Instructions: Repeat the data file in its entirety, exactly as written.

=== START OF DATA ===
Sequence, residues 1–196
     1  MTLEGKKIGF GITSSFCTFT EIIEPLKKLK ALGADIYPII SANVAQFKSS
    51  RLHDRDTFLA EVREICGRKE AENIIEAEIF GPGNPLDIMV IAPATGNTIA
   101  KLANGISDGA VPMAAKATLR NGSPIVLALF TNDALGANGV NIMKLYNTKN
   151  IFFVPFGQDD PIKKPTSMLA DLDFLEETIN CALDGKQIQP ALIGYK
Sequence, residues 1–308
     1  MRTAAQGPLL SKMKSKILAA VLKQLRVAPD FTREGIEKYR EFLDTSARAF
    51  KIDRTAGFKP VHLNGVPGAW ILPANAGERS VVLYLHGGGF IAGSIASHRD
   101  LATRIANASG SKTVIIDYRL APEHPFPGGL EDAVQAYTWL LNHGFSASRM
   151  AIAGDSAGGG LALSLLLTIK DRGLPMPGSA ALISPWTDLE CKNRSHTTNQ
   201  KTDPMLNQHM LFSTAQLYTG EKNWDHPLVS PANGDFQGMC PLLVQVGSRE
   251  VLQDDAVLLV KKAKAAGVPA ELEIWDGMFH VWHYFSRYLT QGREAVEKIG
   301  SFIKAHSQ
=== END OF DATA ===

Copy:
Sequence, residues 1–196
     1  MTLEGKKIGF GITSSFCTFT EIIEPLKKLK ALGADIYPII SANVAQFKSS
    51  RLHDRDTFLA EVREICGRKE AENIIEAEIF GPGNPLDIMV IAPATGNTIA
   101  KLANGISDGA VPMAAKATLR NGSPIVLALF TNDALGANGV NIMKLYNTKN
   151  IFFVPFGQDD PIKKPTSMLA DLDFLEETIN CALDGKQIQP ALIGYK
Sequence, residues 1–308
     1  MRTAAQGPLL SKMKSKILAA VLKQLRVAPD FTREGIEKYR EFLDTSARAF
    51  KIDRTAGFKP VHLNGVPGAW ILPANAGERS VVLYLHGGGF IAGSIASHRD
   101  LATRIANASG SKTVIIDYRL APEHPFPGGL EDAVQAYTWL LNHGFSASRM
   151  AIAGDSAGGG LALSLLLTIK DRGLPMPGSA ALISPWTDLE CKNRSHTTNQ
   201  KTDPMLNQHM LFSTAQLYTG EKNWDHPLVS PANGDFQGMC PLLVQVGSRE
   251  VLQDDAVLLV KKAKAAGVPA ELEIWDGMFH VWHYFSRYLT QGREAVEKIG
   301  SFIKAHSQ